A new ad for the 2014 Range Rover Sport shows the rugged-yet-luxurious SUV scaling the snow-crusted Pike’s Peak, which is part of the National Forest system. Up the paved roads of the mountain the truck goes. And then — as a group of impressed guys who look like a pit crew, wearing matching Range Rover jackets and hats, look on — the vehicle appears to go over the top and down the other, unpaved side.
“It clearly goes against the basic philosophy of ethical attitudes and proper driver behavior for using OHV’s [off-highway vehicles] anywhere, let alone on NFS lands,” Jack Gregory, a retired Forest Service officer, wrote to the Forest Service. (Jeff Ruch, the head of Public Employees for Environmental Responsibility, shared the missive with us.)
Forest Service spokesman Leo Kay, one of the few employees of the agency still in the office during the government shutdown, tells the Loop that the car did not actually go off-road on Forest Service land during filming, though it appeared to through the wonders of modern film-making.
And he says he’s unsure of the precise wording of the permit that the car company got to film the commercial there. The folks who handle those are furloughed.
“It’s kind of a ghost town around here,” he says.
But precedent exists for curtailing how film crews portray public land. When the Forest Service issues permits for crews to film in wilderness areas, for example, the agency requires them to “keep within the spirit” of the 1964 Wilderness Act, Kay explains. That might mean that they wouldn’t be allowed to depict, say, littering or tossing lit matches around.
The Forest Service isn’t up in arms over the commercial. It’s not protesting the way the National Park Service did in 2003, when a Metamucil commercial depicted a Park Service Ranger pouring some of the regularity-inducing product into Yellowstone’s Old Faithful geyser.
“This advertisement goes against all of the National Park Service’s efforts to encourage people not to put foreign objects into the thermal features,” NPS sniffed at the time.
In a statement, Range Rover tells the Loop that viewers needn’t take what they see so literally. “As is typical in much of advertising, there are scenes that are realistic but not meant to be taken literally, including both racing up the mountain, as well as driving off road back down, though the vehicle is more than capable of both.”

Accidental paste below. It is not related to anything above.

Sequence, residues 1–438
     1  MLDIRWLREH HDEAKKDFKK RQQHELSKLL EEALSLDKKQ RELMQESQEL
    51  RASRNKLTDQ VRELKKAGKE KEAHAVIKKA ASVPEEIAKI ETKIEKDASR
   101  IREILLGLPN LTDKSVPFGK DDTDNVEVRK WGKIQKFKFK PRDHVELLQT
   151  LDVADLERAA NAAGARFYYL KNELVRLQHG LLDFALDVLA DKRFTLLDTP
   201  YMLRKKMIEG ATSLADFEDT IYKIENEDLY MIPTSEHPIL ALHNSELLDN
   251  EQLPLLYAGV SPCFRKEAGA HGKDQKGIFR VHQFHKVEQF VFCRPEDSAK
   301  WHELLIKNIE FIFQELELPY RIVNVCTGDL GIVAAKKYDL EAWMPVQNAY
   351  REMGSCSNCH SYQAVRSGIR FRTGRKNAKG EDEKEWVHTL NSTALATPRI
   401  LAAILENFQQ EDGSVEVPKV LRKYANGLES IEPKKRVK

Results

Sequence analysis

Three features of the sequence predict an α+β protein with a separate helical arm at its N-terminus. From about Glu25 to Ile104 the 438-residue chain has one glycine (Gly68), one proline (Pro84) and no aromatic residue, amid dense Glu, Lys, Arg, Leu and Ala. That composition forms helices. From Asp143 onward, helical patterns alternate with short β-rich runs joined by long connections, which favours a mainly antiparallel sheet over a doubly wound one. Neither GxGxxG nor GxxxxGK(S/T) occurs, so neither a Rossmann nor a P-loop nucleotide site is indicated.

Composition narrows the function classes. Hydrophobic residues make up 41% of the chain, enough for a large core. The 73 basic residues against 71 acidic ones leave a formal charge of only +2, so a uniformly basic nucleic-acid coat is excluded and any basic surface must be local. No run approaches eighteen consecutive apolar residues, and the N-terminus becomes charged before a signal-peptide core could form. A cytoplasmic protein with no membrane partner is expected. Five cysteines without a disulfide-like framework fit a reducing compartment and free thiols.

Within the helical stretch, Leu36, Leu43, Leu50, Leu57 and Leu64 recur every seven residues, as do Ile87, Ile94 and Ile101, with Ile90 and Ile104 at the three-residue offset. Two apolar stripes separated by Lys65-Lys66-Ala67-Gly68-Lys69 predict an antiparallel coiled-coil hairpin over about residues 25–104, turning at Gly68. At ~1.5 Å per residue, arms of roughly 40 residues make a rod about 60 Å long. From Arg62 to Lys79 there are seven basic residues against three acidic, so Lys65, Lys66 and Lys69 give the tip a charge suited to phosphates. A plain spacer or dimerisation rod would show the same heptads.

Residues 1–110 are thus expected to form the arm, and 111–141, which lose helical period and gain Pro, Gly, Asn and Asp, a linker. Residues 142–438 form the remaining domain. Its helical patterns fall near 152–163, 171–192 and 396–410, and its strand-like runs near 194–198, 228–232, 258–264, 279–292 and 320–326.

Woody would be proud
After a White House official told the Wall Street Journal that the administration was “winning” the shutdown fight, House Speaker John A. Boehner (R-Ohio) told reporters Friday: “This isn’t some damn game.”
Our colleague Aaron Blake, however, noticed a report that the speaker couldn’t help using sports metaphors to discuss the budget battle.
Boehner huddled with his team at a closed-door GOP conference meeting Tuesday morning at the Capitol.
He told them the Democrats were trying to “annihilate us,” the National Review’s Jonathan Strong
reported. But Boehner urged them to rally. “We can get through this if we stick together.”
He wanted something that “builds on the gains we’ve made over the past three years, puts points on the board and doesn’t raise taxes.”
So there was no need for a hole in one, a three-pointer, or a Hail Mary. Three yards and a cloud of dust — Ohio State Buckeyes-style ball — would get them to the end zone.
Just because House Republicans (and of course Democrats) voted unanimously to give furloughed federal workers, oft-maligned by the GOP, their back pay when the shutdown ends — effectively giving them a paid vacation of sorts and costing taxpayers the same as if workers had stayed on the field — it’s not a game.
And just because Senate Democrats, in a prevent defense with the clock ticking, have dropped back, probably to pass that back-pay bill to President Obama, running a post pattern and ready to catch it, doesn’t mean there’s any game-playing going on.
Nope, this is serious work, for serious people.
Connolly casts his spell
Democrats have often dismissed Republicans’ various investigations into the doings of the White House as “witch hunts.” On Wednesday, Rep. Gerald E. Connolly took a literary riff on this idea. During a hearing of the House Oversight and Government Affairs Committee looking into the implementation of Obamacare, the Virginia Democrat asked an IRS official if she had ever read Arthur Miller’s play “The Crucible.”
Anyone who’s taken high school English knew immediately where he was going with the line of questioning.
Sarah Hall Ingram, director of the IRS’s Affordable Care Act Office, who was testifying, replied that she had seen it performed and that she was from New England and therefore familiar with the legendary witch trials in Salem, Mass., that form the basis of the play.
“Have you been consorting with the devil?” Connolly asked.
“Not to my knowledge, sir,” she answered, with a slight smile.
“Are reports that you can fly accurate?” he asked.
“Greatly exaggerated, sir,” was her answer.
With Emily Heil
The blog: washingtonpost.com/
intheloop. Twitter: @InTheLoopWP.